import torch
import torch.nn as nn
import torch.optim as optim
import torch.utils.data as data
import torchvision.models as models
import torchvision.datasets as dset
import torchvision.transforms as transforms
from torch.autograd import Variable
from torchvision.models.vgg import model_urls
from torchviz import make_dot

batch_size = 3
learning_rate =0.0002
epoch = 50

resnet = models.resnet50(pretrained=True)
print resnet

I want to visualize resnet from the pytorch models. How can I do it? I tried to use torchviz but it gives an error:

'ResNet' object has no attribute 'grad_fn'
  • Which version of PyTorch are you using?
    – dennlinger
    Sep 24, 2018 at 6:30
  • latest from master
    – raaj
    Sep 24, 2018 at 19:04
  • what about pytorch's support for tensorboard...? Mar 31, 2021 at 17:26

5 Answers 5


Here are three different graph visualizations using different tools.

In order to generate example visualizations, I'll use a simple RNN to perform sentiment analysis taken from an online tutorial:

class RNN(nn.Module):

    def __init__(self, input_dim, embedding_dim, hidden_dim, output_dim):

        self.embedding  = nn.Embedding(input_dim, embedding_dim)
        self.rnn        = nn.RNN(embedding_dim, hidden_dim)
        self.fc         = nn.Linear(hidden_dim, output_dim)

    def forward(self, text):

        embedding       = self.embedding(text)
        output, hidden  = self.rnn(embedding)

        return self.fc(hidden.squeeze(0))

Here is the output if you print() the model.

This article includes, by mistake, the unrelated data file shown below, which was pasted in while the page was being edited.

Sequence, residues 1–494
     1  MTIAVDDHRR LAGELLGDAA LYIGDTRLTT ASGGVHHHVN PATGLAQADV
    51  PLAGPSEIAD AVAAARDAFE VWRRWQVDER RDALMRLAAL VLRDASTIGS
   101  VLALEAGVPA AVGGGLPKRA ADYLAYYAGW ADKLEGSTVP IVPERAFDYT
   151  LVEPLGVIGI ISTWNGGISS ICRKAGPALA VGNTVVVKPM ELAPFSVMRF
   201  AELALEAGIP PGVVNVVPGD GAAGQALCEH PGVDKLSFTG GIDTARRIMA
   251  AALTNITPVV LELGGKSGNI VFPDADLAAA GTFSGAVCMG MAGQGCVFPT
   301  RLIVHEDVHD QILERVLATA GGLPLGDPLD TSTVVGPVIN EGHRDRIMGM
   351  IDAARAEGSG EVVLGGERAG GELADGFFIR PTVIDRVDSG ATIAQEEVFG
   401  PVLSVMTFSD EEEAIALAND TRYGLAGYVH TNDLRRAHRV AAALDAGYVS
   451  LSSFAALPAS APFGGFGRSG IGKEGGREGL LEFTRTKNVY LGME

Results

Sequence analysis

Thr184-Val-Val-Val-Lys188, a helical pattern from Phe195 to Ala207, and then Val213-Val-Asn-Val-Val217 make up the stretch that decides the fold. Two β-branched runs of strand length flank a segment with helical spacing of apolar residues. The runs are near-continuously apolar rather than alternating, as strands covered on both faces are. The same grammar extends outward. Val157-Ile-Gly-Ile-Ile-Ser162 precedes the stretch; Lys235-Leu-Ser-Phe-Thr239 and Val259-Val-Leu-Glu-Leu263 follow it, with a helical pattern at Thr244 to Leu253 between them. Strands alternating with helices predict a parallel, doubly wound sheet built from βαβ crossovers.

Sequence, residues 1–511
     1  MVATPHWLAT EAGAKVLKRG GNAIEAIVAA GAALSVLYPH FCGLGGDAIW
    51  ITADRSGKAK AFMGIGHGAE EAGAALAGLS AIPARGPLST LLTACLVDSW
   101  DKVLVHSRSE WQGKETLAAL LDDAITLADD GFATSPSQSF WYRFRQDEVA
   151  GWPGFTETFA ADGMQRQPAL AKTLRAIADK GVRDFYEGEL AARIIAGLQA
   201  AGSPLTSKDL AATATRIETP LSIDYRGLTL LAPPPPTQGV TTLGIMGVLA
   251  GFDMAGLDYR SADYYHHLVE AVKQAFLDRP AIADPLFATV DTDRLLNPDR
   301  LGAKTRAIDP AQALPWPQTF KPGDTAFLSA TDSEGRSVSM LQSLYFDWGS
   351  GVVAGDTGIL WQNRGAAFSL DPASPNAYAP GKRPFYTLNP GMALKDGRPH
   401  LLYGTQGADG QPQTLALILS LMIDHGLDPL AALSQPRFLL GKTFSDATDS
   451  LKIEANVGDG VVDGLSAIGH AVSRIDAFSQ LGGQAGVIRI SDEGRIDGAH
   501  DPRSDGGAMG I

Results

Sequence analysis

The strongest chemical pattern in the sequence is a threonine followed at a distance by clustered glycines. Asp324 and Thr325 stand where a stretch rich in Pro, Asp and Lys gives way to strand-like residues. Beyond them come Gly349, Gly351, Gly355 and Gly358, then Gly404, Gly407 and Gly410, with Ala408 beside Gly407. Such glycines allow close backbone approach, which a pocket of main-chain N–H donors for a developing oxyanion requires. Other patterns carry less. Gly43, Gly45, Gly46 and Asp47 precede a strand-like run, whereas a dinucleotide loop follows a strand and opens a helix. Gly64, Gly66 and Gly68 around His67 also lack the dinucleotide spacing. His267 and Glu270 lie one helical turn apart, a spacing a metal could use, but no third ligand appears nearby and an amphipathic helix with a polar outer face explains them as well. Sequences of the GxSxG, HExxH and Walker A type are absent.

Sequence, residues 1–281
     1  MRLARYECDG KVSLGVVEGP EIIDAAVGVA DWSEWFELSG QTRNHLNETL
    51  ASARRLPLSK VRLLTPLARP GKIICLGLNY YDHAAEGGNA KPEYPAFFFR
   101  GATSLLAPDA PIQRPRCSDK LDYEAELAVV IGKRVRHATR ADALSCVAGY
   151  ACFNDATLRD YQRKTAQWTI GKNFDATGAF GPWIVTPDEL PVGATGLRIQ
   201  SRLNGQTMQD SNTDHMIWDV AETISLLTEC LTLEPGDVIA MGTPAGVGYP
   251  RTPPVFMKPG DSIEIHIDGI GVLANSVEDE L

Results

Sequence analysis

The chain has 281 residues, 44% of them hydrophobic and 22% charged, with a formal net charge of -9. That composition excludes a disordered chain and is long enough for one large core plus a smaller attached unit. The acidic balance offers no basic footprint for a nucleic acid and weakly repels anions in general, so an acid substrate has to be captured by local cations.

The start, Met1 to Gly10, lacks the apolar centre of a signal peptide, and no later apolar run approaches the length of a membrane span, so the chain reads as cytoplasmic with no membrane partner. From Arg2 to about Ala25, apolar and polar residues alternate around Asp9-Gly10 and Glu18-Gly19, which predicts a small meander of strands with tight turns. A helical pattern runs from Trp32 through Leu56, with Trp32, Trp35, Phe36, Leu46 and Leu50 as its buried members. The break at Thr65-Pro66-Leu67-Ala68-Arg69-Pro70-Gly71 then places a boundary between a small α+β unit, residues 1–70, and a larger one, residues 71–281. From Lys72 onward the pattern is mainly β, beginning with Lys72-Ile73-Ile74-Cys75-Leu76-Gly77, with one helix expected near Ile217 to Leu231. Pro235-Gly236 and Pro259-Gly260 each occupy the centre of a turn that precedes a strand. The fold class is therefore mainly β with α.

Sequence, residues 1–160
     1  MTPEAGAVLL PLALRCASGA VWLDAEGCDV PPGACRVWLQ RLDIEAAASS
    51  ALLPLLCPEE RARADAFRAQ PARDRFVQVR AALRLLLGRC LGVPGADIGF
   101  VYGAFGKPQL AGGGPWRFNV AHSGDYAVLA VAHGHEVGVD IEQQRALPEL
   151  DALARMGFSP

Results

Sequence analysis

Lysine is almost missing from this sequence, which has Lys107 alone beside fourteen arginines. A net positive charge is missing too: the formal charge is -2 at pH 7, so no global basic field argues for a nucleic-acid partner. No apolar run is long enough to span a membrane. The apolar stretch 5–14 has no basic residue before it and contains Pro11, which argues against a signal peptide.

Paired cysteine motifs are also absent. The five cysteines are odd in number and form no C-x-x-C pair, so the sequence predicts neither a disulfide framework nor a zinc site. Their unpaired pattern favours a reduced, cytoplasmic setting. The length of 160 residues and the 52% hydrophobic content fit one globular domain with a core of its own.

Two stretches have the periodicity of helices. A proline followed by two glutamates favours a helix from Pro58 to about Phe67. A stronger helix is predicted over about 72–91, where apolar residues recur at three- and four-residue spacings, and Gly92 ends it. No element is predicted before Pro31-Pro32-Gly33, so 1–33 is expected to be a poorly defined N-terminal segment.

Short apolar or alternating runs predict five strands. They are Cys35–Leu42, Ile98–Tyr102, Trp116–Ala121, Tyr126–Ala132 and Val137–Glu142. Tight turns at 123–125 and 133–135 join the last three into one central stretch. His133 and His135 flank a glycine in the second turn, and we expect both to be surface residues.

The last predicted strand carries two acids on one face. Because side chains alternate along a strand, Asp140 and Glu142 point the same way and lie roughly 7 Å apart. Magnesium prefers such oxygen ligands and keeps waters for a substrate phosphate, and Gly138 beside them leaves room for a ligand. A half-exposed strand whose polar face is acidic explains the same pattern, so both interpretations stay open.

(embedding): Embedding(25002, 100)
  (rnn): RNN(100, 256)
  (fc): Linear(in_features=256, out_features=1, bias=True)

Below are the results from three different visualization tools.

For all of them, you need to have dummy input that can pass through the model's forward() method. A simple way to get this input is to retrieve a batch from your Dataloader, like this:

batch = next(iter(dataloader_train))
yhat = model(batch.text) # Give dummy batch to forward().



I believe this tool generates its graph using the backwards pass, so all the boxes use the PyTorch components for back-propagation.

from torchviz import make_dot

make_dot(yhat, params=dict(list(model.named_parameters()))).render("rnn_torchviz", format="png")

This tool produces the following output file:

torchviz output

This is the only output that clearly mentions the three layers in my model, embedding, rnn, and fc. The operator names are taken from the backward pass, so some of them are difficult to understand.



This tool uses the forward pass, I believe.

import hiddenlayer as hl

transforms = [ hl.transforms.Prune('Constant') ] # Removes Constant nodes from graph.

graph = hl.build_graph(model, batch.text, transforms=transforms)
graph.theme = hl.graph.THEMES['blue'].copy()
graph.save('rnn_hiddenlayer', format='png')

Here is the output. I like the shade of blue.

hiddenlayer output

I find that the output has too much detail and obfuscates my architecture. For example, why is unsqueeze mentioned so many times?